Three Americans missing off the coast of Mexico likely encountered "significant" weather and waves as they attempted to sail their 41-foot sailboat from Mazatlán to San Diego.
United States and Mexican authorities have been searching for Kerry O'Brien, Frank O'Brien, and William Gross, who have not contacted friends, family, or maritime authorities since April 4.
"When it started to reach into five, six, seven days and we started to get a little more concerned," Kerry's brother Mark Argall told ABC News.
U.S. Coast Guard commander Gregory Higgins expressed concern that the weather in that region worsened around April 6, with swells and wind creating waves potentially over 20 feet high. The three were sailing a capable 41-foot fiberglass boat, with similar sailboats successfully circumnavigating the planet. However, the lack of clear information about the sailors location, partially attributable to the lack of GPS tracking and poor cellular service near the Baja peninsula, has left the families of the missing Americans uncertain about their loved ones' whereabouts.
"We have all been spinning our wheels about the different scenarios that could have happened," Gross' daughter Melissa Spicuzza said.
Kerry and Frank O'Brien, a married couple, initially decided to travel to Mexico to sail a 41-foot LaFitte sailboat named "Ocean Bound" to San Diego after the boat underwent repairs near Mazatlán, Mexico, according to Argall.
The couple decided to hire Gross, a mechanic by trade and sailor with more than 50 years of experience, to help navigate the boat from Mazatlán to San Diego. Spicuzza recounted that friends of Gross would compare him to the 1980s fictional television character and improvisational savant MacGyver based on his ability to repair boats.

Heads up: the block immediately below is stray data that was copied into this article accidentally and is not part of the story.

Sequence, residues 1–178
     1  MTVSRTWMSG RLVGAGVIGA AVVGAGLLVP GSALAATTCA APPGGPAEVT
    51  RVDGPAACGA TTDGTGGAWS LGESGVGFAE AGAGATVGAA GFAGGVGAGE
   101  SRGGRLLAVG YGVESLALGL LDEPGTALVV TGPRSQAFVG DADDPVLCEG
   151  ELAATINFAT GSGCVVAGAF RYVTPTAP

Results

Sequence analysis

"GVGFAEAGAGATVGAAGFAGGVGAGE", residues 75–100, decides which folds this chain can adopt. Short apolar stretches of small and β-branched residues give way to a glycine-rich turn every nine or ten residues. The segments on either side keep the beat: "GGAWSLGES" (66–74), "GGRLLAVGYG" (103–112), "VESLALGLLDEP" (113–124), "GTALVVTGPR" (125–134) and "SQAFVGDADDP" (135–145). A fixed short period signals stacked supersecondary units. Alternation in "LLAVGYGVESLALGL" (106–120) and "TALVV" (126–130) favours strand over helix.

"Whatever it takes, he'll get it rigged up. He'll get it working," Spicuzza described.
The Coast Guard believes the sailors left their slip (the equivalent of a parking spot for boats) on April 2. They eventually departed Mazatlán on April 4, based on Facebook posts and cellphone usage.
The sailors expected the trip across the Gulf of California to Cabo San Lucas, where they planned to pick up provisions, would take two days. However, the Coast Guard does not believe the sailors ever stopped in Cabo San Lucas. Since April 4, marinas throughout the Baja Peninsula have not contacted the vessel, nor have any search and rescue crews spotted it.
According to Higgins, the weather worsened around April 6, with winds of 30 knots, strong swells, and waves making navigation more challenging. Spicuzza added that the sail from Mexico to California is inherently tricky since sailors need to navigate against the wind and current.
"From the tip of Baja all the way back up to Alaska, you're going against wind and current, so it's a more difficult, exhausting sail, but of course, doable with the experience that's on board," Spicuzza.
Spicuzza added that the group's initially planned 10-day journey was likely unrealistic. Sailing against the wind and current would require the sailors to tack frequently, essentially zig-zag to make progress despite sailing into the wind, which could extend the journey to two and half weeks.
Moreover, according to the Coast Guard, the boat lacks trackable GPS navigation, such as a satellite phone or a tracking beacon. The limited cellular service in that region of Mexico also makes triangulating the cell position difficult.
Robert H. Perry, the designer of the 41-foot sailboat, noted that their boat was likely manufactured in Taiwan 35 years ago. Despite its age, the fiberglass sailboat itself was a time-tested, ocean-navigating boat.
The travel circumstances have left family members uncertain about the status of their loved ones. Based on the timing, it appears possible they are "just going to roll into San Diego like nothing happened in maybe about a week," Spicuzza suggested, with the radio silence attributable to some electronic issue. Alternatively, the Coast Guard has worked on plotting where their life raft might have drifted under current weather conditions.
"It's just been a roller coaster of emotions the last several days; I want my dad home, I want him safe, [and] I want the O'Brien's home safe," Spicuzza said. "I'm very much looking forward to sitting around a table with all of them and joking about the time they got lost at sea – that is the hope."